AFSA is the primary trade association for the American consumer credit industry, protecting access to credit and consumer choice.
AFSA members provide consumers with many kinds of credit, including traditional installment loans, mortgages, vehicle finance and cards. AFSA members do not provide payday or vehicle title loans.
AFSA provides the consumer credit industry and the consumers we serve with a voice in Washington and access to the media and investment community. It also provides research, policy advice and issues management at both the federal and the state level.
AFSA promotes best practices within the industry through discussion within areas of business and committees of professional interest.
AFSA is committed to consumer credit education and voluntary credit counseling.
AFSA believes competition and innovation in the marketplace tend to reduce price, increase consumer choice and thus benefit consumers.
AFSA believes that regulation should be a collaborative process between regulators and the parties directly impacted by the proposed regulations.
Government, consumers and the credit industry can and should work together to promote lending that helps consumers meet their financial needs through affordable credit.
The extension of credit must be affordable by both the lender and the borrower.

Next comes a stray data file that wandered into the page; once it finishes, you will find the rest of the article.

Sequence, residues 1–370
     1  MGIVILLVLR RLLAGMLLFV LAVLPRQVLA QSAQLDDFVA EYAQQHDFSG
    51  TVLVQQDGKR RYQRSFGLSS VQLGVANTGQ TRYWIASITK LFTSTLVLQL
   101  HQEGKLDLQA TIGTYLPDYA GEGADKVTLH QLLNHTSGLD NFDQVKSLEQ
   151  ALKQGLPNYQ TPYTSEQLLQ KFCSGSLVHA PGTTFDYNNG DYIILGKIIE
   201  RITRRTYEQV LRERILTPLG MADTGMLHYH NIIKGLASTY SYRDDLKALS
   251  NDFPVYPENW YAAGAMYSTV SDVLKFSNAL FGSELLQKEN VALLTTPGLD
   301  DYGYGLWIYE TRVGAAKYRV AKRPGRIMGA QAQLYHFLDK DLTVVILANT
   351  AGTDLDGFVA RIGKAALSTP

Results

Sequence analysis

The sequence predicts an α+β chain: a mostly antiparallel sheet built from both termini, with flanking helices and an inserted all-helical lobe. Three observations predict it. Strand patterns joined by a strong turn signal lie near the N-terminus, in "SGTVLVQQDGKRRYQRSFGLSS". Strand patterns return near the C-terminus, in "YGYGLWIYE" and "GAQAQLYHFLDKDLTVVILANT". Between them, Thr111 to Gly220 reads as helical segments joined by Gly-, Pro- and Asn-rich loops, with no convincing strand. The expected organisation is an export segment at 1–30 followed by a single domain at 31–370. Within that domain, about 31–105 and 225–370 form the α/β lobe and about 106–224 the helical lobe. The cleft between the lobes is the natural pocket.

Risk-based pricing increases access to credit for the less creditworthy and reduces relative pricing for the more creditworthy, thus benefiting all consumers.
The secondary market is critical to the continued availability of certain kinds of credit. Thus loan features which protect fixed-income investors can provide value to consumers and investors alike.
Market funding gives consumer lenders the ability to make affordable loans to millions of qualified consumers. State and federal governments should always promote and ensure a level playing field between all of the entities comprising the financial services industry – banks, credit unions and finance companies.
We believe that clarity and transparency should be maximized in all credit transactions. Responsible lending is transparent lending.
Responsible underwriting procedures intended to make a reasonable assessment of the customer’s ability to pay should be employed in any extension of credit.
The success of a consumer credit company should be based on the performance of its loans and the satisfaction of its customers. Responsible lenders do not look to benefit from loans that fail, nor that create a cycle of debt.
Financial education should be taught in schools. Borrower financial literacy should be improved to include basic budgeting skills, an understanding of credit products, and how some carry a greater or lesser risk of chronic indebtedness.
Borrowers should also understand how to assess the cost of a loan, looking at APRs for longer loans and finance charges or the charge as a percentage of the amount financed for smaller loans.
Society needs to reinforce responsible borrowing practices and emphasize accountability in personal decision-making.